A.I never feel quite happy unless I can have the satisfaction of making something, every day if possible. It doesn’t have to be music: I just really like to make stuff. So I guess I have many hobbies, which sometimes become very involved. In some ways, music grew out of the pleasure I got from building electronic kits as a teenager, and also building various projectors for lasers. I still play around with lasers a bit, mostly to use for concert lighting. I was seriously into ceramics for about ten years, mixing my own glazes, with a wheel and a kiln in the basement of our house. Then I got very involved with winemaking from about 2000-2011, and that started taking over the basement instead! Gardening and cooking are wonderful passions, and our small back-yard is edible landscape, with drip irrigation, fruit trees and vegetables. I cook every day, with fresh food that we grow. This feels essential for my sanity, a way to stay firmly grounded in the soil, and tied to the weather and health of the planet.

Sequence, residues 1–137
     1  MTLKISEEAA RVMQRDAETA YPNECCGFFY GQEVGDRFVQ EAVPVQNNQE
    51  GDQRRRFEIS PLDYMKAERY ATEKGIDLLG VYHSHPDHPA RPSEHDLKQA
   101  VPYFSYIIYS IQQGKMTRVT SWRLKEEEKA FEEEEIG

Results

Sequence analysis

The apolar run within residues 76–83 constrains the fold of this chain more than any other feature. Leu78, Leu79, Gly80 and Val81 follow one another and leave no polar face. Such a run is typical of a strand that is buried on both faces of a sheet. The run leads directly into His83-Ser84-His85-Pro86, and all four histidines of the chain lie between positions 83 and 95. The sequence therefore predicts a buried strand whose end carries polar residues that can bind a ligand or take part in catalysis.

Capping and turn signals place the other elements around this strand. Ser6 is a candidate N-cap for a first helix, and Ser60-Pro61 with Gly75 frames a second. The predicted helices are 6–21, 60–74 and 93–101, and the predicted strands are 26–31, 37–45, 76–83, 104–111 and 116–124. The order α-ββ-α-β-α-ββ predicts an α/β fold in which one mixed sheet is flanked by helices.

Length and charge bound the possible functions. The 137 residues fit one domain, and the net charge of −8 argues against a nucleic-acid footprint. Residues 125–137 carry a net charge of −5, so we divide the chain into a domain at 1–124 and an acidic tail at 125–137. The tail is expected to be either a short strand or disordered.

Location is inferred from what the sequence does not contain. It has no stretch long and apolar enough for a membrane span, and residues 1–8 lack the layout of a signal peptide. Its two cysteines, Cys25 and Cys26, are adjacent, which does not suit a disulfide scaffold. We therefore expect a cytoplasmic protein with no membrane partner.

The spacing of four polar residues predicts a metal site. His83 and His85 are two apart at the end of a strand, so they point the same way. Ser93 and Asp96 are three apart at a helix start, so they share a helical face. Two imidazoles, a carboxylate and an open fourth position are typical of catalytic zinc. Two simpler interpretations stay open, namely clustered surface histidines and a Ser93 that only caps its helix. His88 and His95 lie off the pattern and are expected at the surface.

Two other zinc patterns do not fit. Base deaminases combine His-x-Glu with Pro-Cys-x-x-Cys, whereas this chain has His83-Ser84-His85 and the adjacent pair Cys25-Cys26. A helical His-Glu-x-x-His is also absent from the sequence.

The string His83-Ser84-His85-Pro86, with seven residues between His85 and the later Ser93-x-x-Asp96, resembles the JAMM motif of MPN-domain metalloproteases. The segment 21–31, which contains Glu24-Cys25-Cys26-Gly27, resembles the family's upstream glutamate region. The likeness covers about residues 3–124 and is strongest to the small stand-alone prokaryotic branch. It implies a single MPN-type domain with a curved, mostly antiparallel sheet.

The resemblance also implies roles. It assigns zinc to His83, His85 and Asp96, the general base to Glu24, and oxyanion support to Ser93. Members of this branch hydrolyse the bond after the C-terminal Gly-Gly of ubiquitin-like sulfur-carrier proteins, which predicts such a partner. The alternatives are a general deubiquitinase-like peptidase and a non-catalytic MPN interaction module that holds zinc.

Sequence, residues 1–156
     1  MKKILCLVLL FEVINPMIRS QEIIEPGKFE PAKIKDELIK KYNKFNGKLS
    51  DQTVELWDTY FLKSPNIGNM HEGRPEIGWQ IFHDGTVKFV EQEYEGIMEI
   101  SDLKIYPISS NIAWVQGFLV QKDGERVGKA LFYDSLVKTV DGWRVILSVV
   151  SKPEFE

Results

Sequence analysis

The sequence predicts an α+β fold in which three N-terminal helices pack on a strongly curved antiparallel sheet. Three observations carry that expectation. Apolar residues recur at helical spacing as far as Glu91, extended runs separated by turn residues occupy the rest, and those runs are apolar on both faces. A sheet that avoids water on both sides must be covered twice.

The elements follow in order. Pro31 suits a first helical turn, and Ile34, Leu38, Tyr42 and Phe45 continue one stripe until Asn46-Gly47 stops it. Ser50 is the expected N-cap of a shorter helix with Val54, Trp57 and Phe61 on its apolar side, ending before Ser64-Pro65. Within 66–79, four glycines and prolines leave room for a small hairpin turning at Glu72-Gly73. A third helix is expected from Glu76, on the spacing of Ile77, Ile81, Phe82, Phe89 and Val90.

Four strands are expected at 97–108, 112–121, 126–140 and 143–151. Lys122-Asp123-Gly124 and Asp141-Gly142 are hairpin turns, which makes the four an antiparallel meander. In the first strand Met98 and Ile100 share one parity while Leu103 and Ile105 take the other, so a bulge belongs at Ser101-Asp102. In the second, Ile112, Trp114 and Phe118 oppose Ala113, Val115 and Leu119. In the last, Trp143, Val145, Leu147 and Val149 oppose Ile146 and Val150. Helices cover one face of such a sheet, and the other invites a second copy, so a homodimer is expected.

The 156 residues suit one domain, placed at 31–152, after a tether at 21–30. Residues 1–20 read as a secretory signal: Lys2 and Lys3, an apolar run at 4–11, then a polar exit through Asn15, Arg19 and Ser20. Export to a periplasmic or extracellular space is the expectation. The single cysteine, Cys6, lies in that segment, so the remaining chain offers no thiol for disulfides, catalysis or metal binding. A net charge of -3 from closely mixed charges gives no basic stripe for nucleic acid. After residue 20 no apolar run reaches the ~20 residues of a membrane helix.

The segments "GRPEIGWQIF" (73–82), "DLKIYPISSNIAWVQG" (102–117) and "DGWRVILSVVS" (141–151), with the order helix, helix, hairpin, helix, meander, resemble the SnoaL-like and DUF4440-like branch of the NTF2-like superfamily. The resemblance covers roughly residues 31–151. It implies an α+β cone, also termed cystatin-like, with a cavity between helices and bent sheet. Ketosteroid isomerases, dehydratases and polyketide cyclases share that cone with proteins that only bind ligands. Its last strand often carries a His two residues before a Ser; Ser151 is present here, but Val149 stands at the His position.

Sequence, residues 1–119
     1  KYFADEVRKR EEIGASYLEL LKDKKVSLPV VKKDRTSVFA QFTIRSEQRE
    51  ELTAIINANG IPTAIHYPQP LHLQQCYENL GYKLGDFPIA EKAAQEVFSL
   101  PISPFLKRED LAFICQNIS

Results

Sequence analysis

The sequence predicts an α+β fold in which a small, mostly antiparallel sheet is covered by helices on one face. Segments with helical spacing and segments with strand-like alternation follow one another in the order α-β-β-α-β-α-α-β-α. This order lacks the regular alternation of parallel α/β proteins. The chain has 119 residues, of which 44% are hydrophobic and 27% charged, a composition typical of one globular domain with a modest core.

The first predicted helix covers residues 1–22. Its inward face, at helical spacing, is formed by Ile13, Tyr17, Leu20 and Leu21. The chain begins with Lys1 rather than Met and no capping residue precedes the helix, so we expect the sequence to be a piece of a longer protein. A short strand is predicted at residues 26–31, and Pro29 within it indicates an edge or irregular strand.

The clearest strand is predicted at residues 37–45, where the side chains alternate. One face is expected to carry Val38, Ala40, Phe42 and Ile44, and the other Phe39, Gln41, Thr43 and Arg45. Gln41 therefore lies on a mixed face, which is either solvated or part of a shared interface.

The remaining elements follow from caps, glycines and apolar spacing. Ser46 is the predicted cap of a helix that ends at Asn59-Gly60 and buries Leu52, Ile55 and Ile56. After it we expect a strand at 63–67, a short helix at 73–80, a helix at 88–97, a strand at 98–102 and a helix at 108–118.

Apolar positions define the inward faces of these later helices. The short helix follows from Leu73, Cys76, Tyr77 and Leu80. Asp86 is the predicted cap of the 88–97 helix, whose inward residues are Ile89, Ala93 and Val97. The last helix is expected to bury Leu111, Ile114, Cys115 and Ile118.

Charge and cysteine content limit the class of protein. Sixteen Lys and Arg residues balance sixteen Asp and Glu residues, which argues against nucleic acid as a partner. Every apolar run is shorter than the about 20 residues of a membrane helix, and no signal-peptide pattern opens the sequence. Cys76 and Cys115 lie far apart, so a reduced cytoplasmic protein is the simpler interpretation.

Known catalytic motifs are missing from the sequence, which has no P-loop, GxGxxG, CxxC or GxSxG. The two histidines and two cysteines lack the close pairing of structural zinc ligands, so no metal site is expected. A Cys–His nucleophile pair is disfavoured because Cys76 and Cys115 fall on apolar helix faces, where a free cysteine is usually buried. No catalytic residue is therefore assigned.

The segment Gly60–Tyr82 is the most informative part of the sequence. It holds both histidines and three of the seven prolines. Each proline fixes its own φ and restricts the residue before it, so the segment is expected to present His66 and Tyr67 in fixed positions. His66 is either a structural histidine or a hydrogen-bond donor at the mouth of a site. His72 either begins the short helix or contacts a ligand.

Q.“Stalker” album with Lustmord…A magnificent piece of work!What are your thoughts about this experience of two masters of sound working together…Do you prefer working alone on tracks or do you like collaborations too?
A.Thank you. Brian and I are very proud of that album. It came together like magic between us, a strongly focused time together. When I collaborate, I definitely prefer to work in person with my collaborator. Otherwise, it isn’t really collaboration. All but one of my collaborations came together this way, in person. The only one that happened long-distance is “Zerkalo” with Faryus (Andrey Sadovnikov), because it was not possible for us to travel easily such long distance between California and St. Petersburg, Russia. In fact Andrey and I have never met.
Thanks Robert for this wonderful interview and for sharing so much information with the Knkuc readers.A few last words for the fans who will read this interview?
Thanks a lot for your time Robert.
Jimmy Empne for KNKUC.
I think our questions are more important than the answers. We must always stay curious.
All the best – Robert Rich